Trim the Fat. We need to get rid of extraneous food holidays and clear marketing gimmicks. Instead of making every day a food holiday, I think we're looking at somewhere between once and twice a week. National Hazelnut Cake Day, you won't make the cut. Especially when tomorrow is National Rocky Road Ice Cream Day.
America has a lot of different foods, but how many are worth their own holiday? Asking the simple question, "Am I excited to eat this today in the name of celebration?" should provide a simple answer.
I spend time in lines every day. It's one of the few occupational hazards of being a food blogger. And because most lines end with a single cashier (except for the multi-headed cashier monster at QuikTrip that is the single most efficient checkout in the universe) that means I have a lot of time to think about how things might go more quickly.
Truth is that we -- customers -- are the problem. Though we have nothing but time to prepare for the exact moment of ordering, it still seems to fluster so many. There are those of you on the phone, who seem genuinely shocked that we are occupying your mobile office while you check e-mail. Some of you suddenly discover you don't know what you want. Others, perhaps out of Midwest politeness, refuse to move forward despite an open register and a slight head nod from the cashier.
|It's creamy, but isn't cream|
Fat City reader Lorraine likes cream with her coffee.
Real cream, she says, not the little containers of unrefrigerated God-only-knows-what. She was particularly irked about a restaurant such as Eggtc. at 51st and Main, which aspires to be a high-quality breakfast joint but wouldn't give Lorraine the real stuff -- you know, from a cow.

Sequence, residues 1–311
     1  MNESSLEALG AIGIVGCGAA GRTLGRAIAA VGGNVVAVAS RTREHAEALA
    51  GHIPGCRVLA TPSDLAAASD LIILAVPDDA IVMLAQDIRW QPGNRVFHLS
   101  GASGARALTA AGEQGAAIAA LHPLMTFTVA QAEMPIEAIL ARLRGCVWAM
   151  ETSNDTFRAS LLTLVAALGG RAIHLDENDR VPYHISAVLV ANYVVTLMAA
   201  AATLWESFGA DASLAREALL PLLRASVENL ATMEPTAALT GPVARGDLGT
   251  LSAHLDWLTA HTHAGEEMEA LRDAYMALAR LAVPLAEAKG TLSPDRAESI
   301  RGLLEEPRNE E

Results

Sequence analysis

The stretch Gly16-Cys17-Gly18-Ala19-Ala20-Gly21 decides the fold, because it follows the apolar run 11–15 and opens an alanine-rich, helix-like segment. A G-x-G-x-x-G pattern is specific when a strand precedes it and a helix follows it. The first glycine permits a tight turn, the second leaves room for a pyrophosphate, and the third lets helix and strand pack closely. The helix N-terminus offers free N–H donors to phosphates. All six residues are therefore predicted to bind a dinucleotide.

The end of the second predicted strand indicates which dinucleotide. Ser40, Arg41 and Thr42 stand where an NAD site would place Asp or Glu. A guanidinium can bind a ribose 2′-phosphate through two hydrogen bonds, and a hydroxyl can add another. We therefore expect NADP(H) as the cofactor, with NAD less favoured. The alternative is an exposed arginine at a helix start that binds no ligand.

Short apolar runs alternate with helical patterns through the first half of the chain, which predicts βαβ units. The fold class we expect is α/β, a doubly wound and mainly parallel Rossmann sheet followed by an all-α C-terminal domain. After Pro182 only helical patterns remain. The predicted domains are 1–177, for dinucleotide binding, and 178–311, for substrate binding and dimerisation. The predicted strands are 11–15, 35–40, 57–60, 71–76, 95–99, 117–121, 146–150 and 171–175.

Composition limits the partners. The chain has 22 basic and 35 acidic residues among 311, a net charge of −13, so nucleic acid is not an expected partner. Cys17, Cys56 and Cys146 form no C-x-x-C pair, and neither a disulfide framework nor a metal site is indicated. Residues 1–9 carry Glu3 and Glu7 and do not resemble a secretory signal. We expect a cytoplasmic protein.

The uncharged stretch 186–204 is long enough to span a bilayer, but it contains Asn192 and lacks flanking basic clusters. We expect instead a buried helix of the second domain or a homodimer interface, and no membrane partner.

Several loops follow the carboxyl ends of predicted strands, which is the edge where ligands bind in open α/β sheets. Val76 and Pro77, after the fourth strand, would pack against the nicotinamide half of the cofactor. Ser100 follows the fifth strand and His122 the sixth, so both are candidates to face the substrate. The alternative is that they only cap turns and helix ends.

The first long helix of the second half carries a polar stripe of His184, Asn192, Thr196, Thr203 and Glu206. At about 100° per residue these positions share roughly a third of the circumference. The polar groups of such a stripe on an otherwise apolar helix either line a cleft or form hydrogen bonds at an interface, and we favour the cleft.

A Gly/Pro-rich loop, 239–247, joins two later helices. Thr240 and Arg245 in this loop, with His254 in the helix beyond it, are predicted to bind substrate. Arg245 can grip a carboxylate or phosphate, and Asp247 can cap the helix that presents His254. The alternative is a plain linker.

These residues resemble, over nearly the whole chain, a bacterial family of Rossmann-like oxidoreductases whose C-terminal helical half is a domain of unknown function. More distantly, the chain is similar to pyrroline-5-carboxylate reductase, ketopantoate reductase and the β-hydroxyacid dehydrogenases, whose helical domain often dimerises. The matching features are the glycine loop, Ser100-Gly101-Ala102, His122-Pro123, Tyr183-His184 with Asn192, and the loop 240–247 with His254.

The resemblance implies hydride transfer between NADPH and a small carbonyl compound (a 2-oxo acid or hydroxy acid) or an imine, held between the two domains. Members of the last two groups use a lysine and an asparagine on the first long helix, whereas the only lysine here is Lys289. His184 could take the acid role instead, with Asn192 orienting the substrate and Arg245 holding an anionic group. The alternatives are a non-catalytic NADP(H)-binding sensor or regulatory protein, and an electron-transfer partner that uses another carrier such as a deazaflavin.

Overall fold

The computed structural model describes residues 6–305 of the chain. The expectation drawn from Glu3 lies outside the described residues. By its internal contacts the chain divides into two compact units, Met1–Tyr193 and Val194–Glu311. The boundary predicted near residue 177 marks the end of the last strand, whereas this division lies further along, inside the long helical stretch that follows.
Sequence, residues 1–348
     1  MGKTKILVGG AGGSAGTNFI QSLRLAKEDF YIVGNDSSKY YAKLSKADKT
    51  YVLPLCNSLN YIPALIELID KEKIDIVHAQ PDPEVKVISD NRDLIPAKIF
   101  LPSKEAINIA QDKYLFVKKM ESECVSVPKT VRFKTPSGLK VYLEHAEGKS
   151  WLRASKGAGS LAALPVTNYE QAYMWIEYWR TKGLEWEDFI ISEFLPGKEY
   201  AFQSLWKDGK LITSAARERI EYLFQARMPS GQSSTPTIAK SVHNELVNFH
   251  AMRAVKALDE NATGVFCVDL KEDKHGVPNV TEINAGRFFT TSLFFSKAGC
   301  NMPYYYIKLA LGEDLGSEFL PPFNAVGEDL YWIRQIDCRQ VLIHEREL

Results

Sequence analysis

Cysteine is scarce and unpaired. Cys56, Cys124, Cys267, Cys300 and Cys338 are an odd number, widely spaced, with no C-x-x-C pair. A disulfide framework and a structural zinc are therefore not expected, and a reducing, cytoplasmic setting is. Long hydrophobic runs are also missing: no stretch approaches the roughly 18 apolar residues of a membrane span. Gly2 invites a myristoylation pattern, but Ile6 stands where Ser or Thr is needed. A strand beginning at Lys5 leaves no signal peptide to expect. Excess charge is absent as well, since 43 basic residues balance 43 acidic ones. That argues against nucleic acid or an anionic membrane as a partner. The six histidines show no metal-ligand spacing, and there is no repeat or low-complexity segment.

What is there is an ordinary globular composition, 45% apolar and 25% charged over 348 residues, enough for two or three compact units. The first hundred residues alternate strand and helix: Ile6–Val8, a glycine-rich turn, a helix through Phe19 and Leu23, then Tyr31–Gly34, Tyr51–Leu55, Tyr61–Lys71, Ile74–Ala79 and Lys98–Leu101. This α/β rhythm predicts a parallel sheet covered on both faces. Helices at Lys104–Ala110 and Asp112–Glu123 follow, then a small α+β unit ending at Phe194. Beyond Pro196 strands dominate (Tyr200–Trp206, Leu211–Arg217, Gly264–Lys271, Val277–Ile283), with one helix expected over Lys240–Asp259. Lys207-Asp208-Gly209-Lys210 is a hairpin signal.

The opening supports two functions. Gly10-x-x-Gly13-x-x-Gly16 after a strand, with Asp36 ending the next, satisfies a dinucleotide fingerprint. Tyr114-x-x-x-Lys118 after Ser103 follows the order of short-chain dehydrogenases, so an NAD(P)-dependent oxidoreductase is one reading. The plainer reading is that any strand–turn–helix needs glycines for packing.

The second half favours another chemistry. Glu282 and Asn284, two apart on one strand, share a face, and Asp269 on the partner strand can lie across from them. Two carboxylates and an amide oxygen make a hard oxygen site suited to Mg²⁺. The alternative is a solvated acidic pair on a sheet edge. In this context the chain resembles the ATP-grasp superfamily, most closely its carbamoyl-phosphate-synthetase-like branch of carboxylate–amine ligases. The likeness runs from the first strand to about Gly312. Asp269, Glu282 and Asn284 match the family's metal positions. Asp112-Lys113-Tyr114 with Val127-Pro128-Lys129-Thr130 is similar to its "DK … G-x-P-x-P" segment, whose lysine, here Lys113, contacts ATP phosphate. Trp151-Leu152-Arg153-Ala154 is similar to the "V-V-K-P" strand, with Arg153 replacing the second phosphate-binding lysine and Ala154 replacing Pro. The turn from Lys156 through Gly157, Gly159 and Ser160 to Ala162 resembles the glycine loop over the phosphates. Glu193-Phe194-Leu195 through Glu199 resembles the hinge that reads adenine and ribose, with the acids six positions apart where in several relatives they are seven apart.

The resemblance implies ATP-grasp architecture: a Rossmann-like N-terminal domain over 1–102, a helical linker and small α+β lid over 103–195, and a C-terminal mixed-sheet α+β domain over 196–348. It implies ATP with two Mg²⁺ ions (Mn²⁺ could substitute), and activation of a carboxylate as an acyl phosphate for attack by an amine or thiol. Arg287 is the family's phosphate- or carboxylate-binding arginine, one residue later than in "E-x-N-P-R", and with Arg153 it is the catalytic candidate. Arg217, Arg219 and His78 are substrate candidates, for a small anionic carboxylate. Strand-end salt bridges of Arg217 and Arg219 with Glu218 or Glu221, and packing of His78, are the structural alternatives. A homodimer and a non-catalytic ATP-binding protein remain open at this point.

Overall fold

I prefer my coffee black, but even if I wanted something milky in my brew, you couldn't get me touch the mysterious white liquid in those little plastic tubs. I mean, it's about as natural as mascara: mostly sugar and vegetable oils ... and sodium caseinate to give the product "a creamy look and feel." According to one website, sodium casienate "is obtained from fresh and pasteurized skim milk by acid coagulation of the casein, neutralization with sodium hyroxide, and drying in a spray dryer."
Isn't that how they make paint?
(Image via Flickr: bearbacksnack)
|Glamour night: Dinner at Red Lobster, then Prom!|
My favorite prom customer was the cocky Shawnee Mission East kid. His date was beautiful -- her hair teased, curled and sprayed into something resembling the Himalayan mountains -- and they were dining with three other teen couples. All the other young patrons ordered soda before dinner, but when it was his turn to order he lowered his voice and said, "I'd like a rum-and-Coke, please."
I asked to see his I.D. and he blushed. His date giggled nervously and the rest of their party grew silent. Without missing a beat, the teenager looked up at me and said in a much less-theatrical voice: "Do you have chocolate milk?"
But there are always the exceptions, such as the expensively outfitted pair who left me a thirty-five cent tip on a $70 tab. I followed them outside and threw the tip tray at them; it gave them a good story to tell at the after-party, I guess.
Most servers I know, past and present, have a prom night story to tell and most of them are pretty funny. But that doesn't mean they were laughing at the time. In fact, I used to cringe when I saw the hostess escorting a prom couple to one of my tables. I would glimpse the petals of the girl's corsage and think, "No tip from this deuce." And I was usually right.
(Image via Flickr: tobyotter)